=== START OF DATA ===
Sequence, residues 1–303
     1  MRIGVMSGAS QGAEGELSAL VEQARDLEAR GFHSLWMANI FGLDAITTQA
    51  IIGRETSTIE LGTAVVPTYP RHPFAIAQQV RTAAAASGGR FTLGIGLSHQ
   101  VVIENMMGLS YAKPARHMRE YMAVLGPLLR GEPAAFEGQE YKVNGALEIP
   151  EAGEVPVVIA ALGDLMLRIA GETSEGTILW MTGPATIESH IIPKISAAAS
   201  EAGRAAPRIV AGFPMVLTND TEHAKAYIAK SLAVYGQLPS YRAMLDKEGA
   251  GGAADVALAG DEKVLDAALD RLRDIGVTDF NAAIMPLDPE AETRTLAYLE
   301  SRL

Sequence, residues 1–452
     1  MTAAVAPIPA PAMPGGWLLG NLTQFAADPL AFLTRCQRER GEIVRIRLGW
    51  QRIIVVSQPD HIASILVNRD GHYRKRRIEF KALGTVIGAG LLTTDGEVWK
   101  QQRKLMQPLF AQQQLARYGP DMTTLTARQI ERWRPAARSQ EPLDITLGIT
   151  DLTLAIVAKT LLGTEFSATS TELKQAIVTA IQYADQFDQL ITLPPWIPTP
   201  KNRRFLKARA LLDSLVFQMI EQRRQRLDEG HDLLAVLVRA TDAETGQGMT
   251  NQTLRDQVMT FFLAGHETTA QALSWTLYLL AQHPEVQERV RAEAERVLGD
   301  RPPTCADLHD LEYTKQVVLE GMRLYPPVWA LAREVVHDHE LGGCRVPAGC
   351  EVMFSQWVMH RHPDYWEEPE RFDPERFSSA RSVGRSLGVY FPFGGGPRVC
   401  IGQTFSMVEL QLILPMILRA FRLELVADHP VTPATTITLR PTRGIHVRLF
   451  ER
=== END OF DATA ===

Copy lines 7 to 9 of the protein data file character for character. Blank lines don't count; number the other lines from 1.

   251  GGAADVALAG DEKVLDAALD RLRDIGVTDF NAAIMPLDPE AETRTLAYLE
   301  SRL

Sequence, residues 1–452